Woman detained and searched in Detroit because of appearance

By Matthew Long

tcs455@utc.edu

DETROIT (UTC/The Loop) — An Ohio woman said Tuesday that she endured nearly four hours in police custody that included being forced off an airplane in handcuffs, strip-searched and interrogated at Detroit’s airport on the 10th anniversary of the Sept. 11 attacks — all, she believes, because of her Middle Eastern appearance.

Shoshana Hebshi, 35, told The Associated Press she was one of three people removed from a Denver-to-Detroit Frontier Airlines flight after landing Sunday afternoon. Authorities say fighter jets escorted the plane after its crew reported that two people were spending a long time in a bathroom — the two men sitting next to Hebshi in the 12th row.

Hebshi said she didn’t notice how many times the men went to the bathroom. “I wasn’t keeping track,” she said.

“I really wasn’t paying attention,” said Hebshi, a freelance writer, editor and stay-at-home mother of twin six-year-old boys who lives in a suburb of Toledo, Ohio. “I was minding my own business — sleeping, reading, playing on my phone.”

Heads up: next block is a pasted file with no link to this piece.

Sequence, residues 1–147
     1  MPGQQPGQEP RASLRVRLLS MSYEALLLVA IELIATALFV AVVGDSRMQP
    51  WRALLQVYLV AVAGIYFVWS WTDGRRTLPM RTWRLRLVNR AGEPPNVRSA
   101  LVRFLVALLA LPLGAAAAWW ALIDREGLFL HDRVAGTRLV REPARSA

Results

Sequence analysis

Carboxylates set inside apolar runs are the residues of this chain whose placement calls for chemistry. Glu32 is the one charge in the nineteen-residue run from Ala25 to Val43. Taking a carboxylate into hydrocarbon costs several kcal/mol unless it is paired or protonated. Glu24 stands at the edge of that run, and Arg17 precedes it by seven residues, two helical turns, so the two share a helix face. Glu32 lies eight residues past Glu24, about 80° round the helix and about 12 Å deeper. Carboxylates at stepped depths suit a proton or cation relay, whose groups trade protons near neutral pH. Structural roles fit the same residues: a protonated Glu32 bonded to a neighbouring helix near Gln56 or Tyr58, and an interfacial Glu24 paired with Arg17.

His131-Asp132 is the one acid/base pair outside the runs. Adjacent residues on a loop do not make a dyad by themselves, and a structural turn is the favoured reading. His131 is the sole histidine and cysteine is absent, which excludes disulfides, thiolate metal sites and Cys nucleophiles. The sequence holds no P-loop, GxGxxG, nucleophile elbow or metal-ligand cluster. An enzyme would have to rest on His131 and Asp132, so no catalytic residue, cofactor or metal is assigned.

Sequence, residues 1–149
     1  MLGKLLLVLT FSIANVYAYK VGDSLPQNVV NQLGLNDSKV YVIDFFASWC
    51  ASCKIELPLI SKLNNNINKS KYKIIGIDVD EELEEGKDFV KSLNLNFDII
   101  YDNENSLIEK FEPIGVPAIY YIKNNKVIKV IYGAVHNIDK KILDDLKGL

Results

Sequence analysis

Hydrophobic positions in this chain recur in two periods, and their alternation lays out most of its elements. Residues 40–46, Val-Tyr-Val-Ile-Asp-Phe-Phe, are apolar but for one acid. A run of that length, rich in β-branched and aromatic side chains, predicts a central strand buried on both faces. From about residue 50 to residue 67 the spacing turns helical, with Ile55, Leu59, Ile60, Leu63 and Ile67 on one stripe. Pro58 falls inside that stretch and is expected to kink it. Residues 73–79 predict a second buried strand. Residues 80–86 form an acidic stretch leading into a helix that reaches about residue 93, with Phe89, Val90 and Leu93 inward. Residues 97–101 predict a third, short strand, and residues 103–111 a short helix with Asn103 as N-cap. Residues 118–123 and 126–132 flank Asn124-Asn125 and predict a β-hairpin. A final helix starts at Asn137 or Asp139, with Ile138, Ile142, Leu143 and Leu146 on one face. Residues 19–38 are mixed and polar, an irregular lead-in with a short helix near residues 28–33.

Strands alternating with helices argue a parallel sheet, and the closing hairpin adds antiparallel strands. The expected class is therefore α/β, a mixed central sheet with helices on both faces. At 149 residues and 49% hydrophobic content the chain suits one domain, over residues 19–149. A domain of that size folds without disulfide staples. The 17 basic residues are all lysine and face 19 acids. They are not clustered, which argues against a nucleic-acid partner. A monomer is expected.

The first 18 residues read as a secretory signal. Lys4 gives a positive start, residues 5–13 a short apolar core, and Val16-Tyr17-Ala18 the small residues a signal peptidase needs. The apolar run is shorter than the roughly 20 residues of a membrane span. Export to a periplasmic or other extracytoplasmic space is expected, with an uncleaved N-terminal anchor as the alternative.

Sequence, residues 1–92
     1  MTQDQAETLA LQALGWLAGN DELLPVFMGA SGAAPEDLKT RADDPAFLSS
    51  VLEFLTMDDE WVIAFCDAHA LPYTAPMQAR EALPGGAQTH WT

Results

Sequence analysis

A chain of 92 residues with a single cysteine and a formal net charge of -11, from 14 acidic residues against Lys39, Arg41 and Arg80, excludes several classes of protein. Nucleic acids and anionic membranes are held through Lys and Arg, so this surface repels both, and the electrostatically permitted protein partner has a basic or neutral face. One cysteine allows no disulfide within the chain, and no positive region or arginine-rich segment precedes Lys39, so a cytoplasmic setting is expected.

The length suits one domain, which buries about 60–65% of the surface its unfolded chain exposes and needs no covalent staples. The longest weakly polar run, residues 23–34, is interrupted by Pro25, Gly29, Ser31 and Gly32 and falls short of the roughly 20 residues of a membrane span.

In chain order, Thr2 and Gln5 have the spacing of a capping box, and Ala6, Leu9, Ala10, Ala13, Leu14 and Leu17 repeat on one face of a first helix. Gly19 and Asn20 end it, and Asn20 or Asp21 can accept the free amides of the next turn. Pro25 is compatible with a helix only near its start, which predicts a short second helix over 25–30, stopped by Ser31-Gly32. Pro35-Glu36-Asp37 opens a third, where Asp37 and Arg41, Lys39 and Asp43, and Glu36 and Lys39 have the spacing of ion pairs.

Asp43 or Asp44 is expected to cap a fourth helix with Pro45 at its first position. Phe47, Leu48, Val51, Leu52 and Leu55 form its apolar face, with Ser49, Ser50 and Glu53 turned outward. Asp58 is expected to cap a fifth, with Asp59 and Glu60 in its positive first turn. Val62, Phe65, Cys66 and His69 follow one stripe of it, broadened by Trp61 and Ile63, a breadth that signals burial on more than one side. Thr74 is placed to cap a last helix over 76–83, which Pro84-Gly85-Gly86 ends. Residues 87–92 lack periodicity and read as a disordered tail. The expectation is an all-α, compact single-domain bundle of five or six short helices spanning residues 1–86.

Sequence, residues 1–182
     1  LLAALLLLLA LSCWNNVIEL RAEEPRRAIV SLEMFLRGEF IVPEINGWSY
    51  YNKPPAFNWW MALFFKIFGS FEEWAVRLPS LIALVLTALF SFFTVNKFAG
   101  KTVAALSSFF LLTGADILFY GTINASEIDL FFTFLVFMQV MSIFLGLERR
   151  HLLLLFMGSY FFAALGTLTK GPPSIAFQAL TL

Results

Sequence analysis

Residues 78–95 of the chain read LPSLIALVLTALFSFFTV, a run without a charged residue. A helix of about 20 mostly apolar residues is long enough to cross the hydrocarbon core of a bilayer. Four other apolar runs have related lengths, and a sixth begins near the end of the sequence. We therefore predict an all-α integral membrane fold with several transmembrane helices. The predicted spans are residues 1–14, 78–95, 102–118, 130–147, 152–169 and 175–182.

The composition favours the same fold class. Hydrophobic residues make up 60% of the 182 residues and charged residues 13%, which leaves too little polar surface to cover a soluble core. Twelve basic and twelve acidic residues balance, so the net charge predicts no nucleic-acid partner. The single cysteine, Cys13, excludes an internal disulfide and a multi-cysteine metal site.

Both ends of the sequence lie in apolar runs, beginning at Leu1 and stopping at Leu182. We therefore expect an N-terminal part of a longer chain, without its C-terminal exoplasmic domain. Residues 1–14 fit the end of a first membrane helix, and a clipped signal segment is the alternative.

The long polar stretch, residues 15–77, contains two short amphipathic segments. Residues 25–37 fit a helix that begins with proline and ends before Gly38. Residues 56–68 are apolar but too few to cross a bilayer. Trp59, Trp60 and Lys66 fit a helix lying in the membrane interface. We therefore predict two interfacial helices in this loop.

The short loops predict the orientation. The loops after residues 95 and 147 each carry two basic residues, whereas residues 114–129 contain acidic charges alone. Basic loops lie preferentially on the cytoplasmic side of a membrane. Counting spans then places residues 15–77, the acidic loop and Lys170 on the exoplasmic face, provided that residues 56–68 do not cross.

The FBI has said the three didn’t know each other. One man felt ill and got up to use the restroom and another man in the same row also left his seat to go to the bathroom. The FBI said they never were inside together.

Hebshi has written extensively on her blog about the incident, saying she felt “violated, humiliated and sure that I was being taken from the plane simply because of my appearance.”

Hebshi, who describes herself as half-Arabic, half-Jewish with a dark complexion, told the AP after they landed, she noticed police first surrounding, then storming the plane. She said she was surprised when they stopped at her row and ordered her and the men to get up.